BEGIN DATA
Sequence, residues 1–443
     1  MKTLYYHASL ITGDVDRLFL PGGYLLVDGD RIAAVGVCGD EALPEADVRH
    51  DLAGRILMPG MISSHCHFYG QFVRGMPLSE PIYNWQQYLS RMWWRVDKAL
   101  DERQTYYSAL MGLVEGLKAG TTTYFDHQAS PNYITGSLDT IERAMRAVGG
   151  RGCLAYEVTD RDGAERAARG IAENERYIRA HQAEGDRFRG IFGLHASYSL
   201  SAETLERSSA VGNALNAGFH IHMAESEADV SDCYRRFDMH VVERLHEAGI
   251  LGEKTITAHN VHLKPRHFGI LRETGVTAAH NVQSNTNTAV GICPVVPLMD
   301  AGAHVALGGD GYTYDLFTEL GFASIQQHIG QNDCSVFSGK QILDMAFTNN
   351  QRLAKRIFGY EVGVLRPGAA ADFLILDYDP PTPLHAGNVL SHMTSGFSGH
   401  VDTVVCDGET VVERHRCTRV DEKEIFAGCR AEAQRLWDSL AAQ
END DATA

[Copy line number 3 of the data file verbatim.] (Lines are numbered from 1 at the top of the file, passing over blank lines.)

    51  DLAGRILMPG MISSHCHFYG QFVRGMPLSE PIYNWQQYLS RMWWRVDKAL